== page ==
By Anne Sanders
Transylvania Extension Master Gardener 

Strawberries And Blueberries, Oh My! Little Bites Of Heaven – Brevard NC

 


It’s spring and I’m on a fruit kick. What more luscious dreams than of growing your own blueberries and strawberries! Actually thinking of blueberries and strawberries always makes me feel patriotic with all that blue and red going on. But, I digress.

Strawberries are easy to grow in Transylvania County, either in rows in your garden or trailing out of those fancy strawberry pots you can pick up at any garden center. Who would have thought that garden strawberries had their start in Brittany, France in the 1750s? The French successfully crossed a variety of strawberry from eastern North America with a variety which had been brought to France from Chile in 1714. A round of applause to them for their role in the heritage of the modern garden strawberry. After all, what would a good cheeseburger be without a strawberry milkshake?

Let’s talk about planting some of these delicious fruits in your own yard or garden. Strawberries can be planted in full sun for best production, but part shade will do. They like soil with a bit of sand, and respond well to fertilizer or a light application of composted manure throughout the growing season. If you are setting out new plants you might want to wait until mid-May, after we have passed the chance of a late frost. If you do decide to plant in the ground rather than in pots, the plants will do better if the planting site is raised in a small mound, just about double the size of those made by moles.

Strawberries propagate by putting out runners, so once you have established plants you may need to thin some out and relocate the new shoots. Strawberries begin to mature in mid-summer, and should be left on the plant until deep red as the fruit will not continue to ripen once picked. Remember too, whether planted in the ground or in containers, the plants should be kept well watered during the active growing season. Strawberries can withstand harsh conditions, but just like you and me, those plants need water.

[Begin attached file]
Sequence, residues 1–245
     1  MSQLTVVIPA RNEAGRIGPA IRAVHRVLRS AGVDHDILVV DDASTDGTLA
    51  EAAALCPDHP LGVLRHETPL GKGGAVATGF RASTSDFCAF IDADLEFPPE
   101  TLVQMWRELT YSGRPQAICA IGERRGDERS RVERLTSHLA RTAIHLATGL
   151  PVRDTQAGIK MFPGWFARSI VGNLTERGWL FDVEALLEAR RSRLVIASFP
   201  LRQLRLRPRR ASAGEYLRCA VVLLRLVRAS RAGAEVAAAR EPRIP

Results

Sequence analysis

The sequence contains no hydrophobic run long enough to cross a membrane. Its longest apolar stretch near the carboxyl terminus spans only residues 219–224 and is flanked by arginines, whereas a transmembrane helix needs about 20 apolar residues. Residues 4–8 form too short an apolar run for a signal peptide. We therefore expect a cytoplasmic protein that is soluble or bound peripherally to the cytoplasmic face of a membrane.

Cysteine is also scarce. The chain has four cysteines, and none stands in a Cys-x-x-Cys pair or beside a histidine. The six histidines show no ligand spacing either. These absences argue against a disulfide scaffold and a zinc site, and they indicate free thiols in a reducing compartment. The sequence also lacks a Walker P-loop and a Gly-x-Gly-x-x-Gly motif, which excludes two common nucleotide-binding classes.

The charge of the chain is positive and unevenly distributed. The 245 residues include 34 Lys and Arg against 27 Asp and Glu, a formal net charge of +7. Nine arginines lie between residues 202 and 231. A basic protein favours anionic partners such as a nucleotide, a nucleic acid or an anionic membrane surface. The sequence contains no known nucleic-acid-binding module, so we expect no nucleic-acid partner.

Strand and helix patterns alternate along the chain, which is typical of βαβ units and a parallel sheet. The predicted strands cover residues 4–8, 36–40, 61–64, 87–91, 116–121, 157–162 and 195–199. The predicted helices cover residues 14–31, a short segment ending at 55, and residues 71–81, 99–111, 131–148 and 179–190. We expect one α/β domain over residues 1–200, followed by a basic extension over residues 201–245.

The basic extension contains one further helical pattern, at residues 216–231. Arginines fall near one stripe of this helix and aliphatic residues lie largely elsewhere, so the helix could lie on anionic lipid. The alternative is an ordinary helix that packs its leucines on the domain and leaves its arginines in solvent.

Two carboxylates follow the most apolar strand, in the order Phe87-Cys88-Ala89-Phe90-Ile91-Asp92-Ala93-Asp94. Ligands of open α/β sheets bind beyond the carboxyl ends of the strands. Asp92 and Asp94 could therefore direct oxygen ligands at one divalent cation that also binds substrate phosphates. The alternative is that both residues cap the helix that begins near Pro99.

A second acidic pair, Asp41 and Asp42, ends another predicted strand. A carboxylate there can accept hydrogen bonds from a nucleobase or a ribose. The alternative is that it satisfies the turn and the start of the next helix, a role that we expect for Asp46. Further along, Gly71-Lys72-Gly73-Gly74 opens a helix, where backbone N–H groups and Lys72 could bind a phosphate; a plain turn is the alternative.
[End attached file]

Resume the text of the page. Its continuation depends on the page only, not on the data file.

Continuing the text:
Strawberries are good for your health. Low in calories, cholesterol, saturated fat and sodium, just eight of these little suckers provide more vitamin C than you get from eating an orange. Strawberries are also a great source of daily fiber (they do taste a whole lot better than that pharmacy stuff) and are high in anti-oxidants, too. Recent studies have shown that eating strawberries is good for the brain, cuts heart attack risk in women, and can reduce high blood pressure. Truly, why wouldn’t you grow and eat these fabulous fruits?

And what goes better with strawberries than blueberries (well, don’t forget the vanilla ice cream or whipped cream, of course!)

Blueberries are quite hardy in Transylvania County and the high-bush varieties can be found at most any local plant sale or garden center. They thrive both as cultivated garden plants or growing in the wild. Wild or low-bush blueberries, Rabbiteye and Dryland, are famous for their intense blue color and since they are fire-tolerant their production often increases after a wildfire destroys other vegetation. North Carolina is one of the places with the largest high-bush blueberry production in the Northern Hemisphere. In fact, North Carolina State University has produced several new varieties of the southern high-bush blueberry.

Unfortunately, unlike strawberries, blueberries do not provide instant gratification and do take some patience.

Whichever varieties you choose to grow, you should plant at least two different ones for cross fertilization. When planting, apply two-to-four inches of mulch around the new plants and give them one-to-two inches of water per week for the first spring and summer. Prune severely at planting and then only to remove weak or damaged canes for the next three years. And I hate to say this, but don’t allow the bushes to fruit until their third or fourth year (yikes!) Just be resolute and pinch off the buds after they form. This may give you nightmares, but will result in much stronger and healthier plants that will produce for many years to come.

Once your blueberries begin to produce (after those three excruciating years of picking buds), drape the plants with netting so the birds won’t beat you to the long-awaited harvest. When the fruit is truly ripe, it should just fall into your hand when touched. Enjoy them fresh or easily freeze to whip out mid-winter for a pie to remind you that winter is passing and spring is not far behind.

(The Gardens of Silvermont, behind Silvermont Mansion, are staffed by working Master Gardener Volunteers each Thursday from 9-11 a.m. They welcome visitors and are happy to answer questions. This year, Gardening Clinics will be held at the Transylvania Farmers’ Market on Saturday mornings; the next one will be May 2. Also, suggestions for articles on gardening topics can be sent to mmickew@ncsu.edu (note “Article Idea” in the subject line).

 
 

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